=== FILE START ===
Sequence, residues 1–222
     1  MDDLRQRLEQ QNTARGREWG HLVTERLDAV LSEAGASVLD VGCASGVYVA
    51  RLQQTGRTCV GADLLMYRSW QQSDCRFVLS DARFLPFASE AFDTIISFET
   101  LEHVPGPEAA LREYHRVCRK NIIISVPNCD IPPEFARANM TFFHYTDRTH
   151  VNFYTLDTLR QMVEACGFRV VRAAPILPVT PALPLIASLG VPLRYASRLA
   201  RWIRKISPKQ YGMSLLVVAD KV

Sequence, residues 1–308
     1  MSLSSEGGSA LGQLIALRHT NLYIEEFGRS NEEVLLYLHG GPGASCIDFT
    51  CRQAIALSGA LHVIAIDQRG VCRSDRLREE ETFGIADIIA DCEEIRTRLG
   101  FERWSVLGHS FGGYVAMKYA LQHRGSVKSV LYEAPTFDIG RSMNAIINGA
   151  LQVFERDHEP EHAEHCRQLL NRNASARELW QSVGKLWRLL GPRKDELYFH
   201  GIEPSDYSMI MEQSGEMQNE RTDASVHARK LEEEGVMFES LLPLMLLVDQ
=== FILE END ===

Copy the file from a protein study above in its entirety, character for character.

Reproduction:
Sequence, residues 1–222
     1  MDDLRQRLEQ QNTARGREWG HLVTERLDAV LSEAGASVLD VGCASGVYVA
    51  RLQQTGRTCV GADLLMYRSW QQSDCRFVLS DARFLPFASE AFDTIISFET
   101  LEHVPGPEAA LREYHRVCRK NIIISVPNCD IPPEFARANM TFFHYTDRTH
   151  VNFYTLDTLR QMVEACGFRV VRAAPILPVT PALPLIASLG VPLRYASRLA
   201  RWIRKISPKQ YGMSLLVVAD KV

Sequence, residues 1–308
     1  MSLSSEGGSA LGQLIALRHT NLYIEEFGRS NEEVLLYLHG GPGASCIDFT
    51  CRQAIALSGA LHVIAIDQRG VCRSDRLREE ETFGIADIIA DCEEIRTRLG
   101  FERWSVLGHS FGGYVAMKYA LQHRGSVKSV LYEAPTFDIG RSMNAIINGA
   151  LQVFERDHEP EHAEHCRQLL NRNASARELW QSVGKLWRLL GPRKDELYFH
   201  GIEPSDYSMI MEQSGEMQNE RTDASVHARK LEEEGVMFES LLPLMLLVDQ